THERE are only around 200 trained coopers left in the whole of Britain and one family has kept the job a tradition which has lasted generations.

John Carberry has been a cooper with Diageo for the past 27 years and is currently Master Cooper at Diageo's Cambus cooperage in Scotland, where the vast majority of those 200-odd coopers work.

John and his team craft around 250,000 casks each year – many of which will be used to mature Scotch whisky for brands including Johnnie Walker.

But to John, it is much more than just pumping out cask after cask – it is a real family affair.

He said: “Coopering has been in my family for generations; my father, grandfather, uncle and cousin are all in the business so it was a natural step for me when I’d finished school.

“The skills required for the job have remained the same for hundreds of years, I love the idea that I am using the same techniques and, in some cases, the same tools as my ancestors to create the casks.”

There is still a big demand to get into this particular niche area of business, with an apprenticeship attracting a huge range of applicants every year. John, whose dram of choice is a Johnnie Walker Double Black, puts that down to the vast range of skills the trainees develop over their four year stay.

He said: “Our apprentices learn how to shape and bend wood to create the thousands of casks which house our portfolio of spirits. It’s all done through angles and pressure points as no nails or glue can come into contact with the liquid inside, a skill which takes a lot of time to develop.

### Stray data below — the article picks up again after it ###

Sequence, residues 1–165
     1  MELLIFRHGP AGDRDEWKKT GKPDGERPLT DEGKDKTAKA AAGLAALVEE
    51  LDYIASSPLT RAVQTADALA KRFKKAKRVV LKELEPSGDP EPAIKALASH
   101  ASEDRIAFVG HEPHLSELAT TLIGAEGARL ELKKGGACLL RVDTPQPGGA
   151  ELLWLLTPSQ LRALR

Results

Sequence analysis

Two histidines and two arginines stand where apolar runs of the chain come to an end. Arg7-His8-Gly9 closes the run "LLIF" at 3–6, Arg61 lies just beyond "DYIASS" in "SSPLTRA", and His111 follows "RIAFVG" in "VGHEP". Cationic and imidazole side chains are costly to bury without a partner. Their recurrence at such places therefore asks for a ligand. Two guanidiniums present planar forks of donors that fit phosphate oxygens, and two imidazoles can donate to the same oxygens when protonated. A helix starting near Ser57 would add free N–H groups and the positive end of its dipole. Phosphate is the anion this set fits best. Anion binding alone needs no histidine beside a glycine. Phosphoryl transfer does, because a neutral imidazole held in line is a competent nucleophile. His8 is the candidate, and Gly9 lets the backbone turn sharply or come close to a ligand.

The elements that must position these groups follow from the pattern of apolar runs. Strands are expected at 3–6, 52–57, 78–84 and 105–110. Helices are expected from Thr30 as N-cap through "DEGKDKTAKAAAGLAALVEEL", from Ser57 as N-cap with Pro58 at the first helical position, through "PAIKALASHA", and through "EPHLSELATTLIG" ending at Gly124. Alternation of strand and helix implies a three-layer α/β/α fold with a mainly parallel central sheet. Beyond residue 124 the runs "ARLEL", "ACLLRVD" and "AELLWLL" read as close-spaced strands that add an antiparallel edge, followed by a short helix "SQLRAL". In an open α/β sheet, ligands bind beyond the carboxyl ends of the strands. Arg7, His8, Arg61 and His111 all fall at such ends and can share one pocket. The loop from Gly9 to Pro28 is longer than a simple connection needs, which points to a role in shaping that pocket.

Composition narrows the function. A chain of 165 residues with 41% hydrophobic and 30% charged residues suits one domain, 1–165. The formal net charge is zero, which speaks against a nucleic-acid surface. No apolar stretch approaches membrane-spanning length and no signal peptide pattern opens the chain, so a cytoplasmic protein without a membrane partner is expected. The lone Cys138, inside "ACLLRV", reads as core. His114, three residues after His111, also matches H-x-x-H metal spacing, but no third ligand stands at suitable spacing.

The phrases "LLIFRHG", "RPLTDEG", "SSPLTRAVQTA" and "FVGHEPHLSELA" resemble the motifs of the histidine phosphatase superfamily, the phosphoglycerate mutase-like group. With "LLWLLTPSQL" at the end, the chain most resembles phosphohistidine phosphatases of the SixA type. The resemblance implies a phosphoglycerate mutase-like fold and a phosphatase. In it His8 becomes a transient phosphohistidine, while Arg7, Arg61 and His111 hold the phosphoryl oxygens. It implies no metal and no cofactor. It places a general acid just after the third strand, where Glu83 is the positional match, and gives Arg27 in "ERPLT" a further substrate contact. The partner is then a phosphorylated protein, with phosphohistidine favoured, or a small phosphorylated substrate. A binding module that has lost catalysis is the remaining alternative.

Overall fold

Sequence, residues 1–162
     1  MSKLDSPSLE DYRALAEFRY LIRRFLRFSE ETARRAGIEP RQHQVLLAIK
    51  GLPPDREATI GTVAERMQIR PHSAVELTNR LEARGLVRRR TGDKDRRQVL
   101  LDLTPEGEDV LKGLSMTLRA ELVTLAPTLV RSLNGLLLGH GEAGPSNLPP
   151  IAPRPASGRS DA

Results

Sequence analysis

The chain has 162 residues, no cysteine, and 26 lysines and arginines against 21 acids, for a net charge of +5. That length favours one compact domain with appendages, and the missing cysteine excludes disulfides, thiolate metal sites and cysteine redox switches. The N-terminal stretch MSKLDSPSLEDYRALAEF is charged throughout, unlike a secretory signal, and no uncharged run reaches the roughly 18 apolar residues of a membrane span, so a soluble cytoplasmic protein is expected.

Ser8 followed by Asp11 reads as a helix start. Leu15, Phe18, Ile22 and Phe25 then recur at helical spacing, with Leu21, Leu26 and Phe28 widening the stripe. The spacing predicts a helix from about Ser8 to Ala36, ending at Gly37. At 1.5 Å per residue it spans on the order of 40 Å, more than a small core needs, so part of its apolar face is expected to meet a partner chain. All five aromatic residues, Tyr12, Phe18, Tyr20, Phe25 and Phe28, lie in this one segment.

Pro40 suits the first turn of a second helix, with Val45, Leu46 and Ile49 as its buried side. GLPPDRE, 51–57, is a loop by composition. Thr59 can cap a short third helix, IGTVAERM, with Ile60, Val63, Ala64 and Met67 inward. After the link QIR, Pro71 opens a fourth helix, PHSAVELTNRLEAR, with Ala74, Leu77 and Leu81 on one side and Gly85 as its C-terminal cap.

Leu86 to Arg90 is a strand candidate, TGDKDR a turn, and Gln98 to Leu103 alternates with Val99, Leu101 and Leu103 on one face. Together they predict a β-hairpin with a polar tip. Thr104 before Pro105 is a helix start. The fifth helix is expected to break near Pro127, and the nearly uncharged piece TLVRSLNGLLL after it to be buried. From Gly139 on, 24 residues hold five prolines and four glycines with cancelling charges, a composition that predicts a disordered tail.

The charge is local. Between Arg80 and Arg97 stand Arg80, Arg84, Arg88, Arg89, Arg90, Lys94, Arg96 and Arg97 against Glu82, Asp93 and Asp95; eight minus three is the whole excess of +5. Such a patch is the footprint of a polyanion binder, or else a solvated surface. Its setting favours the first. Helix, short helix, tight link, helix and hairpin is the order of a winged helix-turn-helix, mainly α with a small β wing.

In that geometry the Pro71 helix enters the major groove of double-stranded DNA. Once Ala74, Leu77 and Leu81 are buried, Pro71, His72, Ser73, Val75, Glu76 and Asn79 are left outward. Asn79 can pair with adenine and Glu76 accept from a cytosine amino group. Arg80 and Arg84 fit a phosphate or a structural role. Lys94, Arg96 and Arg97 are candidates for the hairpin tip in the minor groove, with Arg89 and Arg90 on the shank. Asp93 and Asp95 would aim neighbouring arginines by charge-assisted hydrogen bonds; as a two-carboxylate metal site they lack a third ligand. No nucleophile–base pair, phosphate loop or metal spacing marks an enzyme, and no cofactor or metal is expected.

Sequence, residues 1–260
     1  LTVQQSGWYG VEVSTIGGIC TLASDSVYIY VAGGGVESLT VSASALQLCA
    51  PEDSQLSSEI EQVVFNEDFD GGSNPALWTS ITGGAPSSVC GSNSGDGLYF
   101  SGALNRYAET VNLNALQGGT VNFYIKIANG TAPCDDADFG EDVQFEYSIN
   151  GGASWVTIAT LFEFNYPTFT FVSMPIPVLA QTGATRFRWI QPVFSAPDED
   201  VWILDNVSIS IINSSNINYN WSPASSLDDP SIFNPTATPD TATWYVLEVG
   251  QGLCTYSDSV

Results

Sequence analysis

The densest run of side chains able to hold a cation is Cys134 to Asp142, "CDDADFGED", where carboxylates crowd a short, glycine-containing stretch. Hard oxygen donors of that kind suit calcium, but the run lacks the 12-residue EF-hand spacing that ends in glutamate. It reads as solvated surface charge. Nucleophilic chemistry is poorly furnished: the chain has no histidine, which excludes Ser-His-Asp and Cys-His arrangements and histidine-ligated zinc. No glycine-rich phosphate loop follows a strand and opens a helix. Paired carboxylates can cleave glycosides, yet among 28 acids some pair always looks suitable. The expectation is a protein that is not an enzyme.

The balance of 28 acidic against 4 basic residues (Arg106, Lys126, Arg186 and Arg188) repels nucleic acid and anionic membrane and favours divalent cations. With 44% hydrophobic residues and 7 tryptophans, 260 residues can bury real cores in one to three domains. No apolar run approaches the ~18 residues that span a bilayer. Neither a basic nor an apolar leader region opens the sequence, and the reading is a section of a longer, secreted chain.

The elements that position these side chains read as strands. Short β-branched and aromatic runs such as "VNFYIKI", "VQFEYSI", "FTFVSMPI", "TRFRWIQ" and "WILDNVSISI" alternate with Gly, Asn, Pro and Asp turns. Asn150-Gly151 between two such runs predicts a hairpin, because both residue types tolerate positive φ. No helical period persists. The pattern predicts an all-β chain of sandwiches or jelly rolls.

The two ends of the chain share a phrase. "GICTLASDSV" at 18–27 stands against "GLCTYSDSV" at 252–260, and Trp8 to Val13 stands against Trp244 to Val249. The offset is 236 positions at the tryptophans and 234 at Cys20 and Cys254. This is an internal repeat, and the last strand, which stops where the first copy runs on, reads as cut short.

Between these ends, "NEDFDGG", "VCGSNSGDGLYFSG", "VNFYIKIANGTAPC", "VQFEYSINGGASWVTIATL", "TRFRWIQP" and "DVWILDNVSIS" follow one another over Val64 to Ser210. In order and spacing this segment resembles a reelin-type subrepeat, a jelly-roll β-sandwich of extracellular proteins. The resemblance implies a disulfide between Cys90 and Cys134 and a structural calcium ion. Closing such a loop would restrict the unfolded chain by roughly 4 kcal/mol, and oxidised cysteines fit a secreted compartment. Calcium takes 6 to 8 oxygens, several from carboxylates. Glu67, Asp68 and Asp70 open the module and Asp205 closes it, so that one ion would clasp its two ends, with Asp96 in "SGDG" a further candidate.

“Although coopering itself is an ancient trade, we’re constantly seeing innovations in the practice. Over the past few decades, for example, we have been working more closely with blending teams in order to create new flavours for Diageo’s Scotch portfolio.”

Despite it being a centuries-old practice, John and his team are constantly looking to invent new methods.

He continued: “We are constantly working on new ways to treat the wood we use in making the casks, from the way it is charred, to the liquids used to seal the wood (traditionally Sherry). A great example of this in practice is Johnnie Walker Double Black.”

For John and his family, there seems to be no end in sight. He added: “Creating truly global Scotches is what will keep the industry alive and thriving for many years to come.”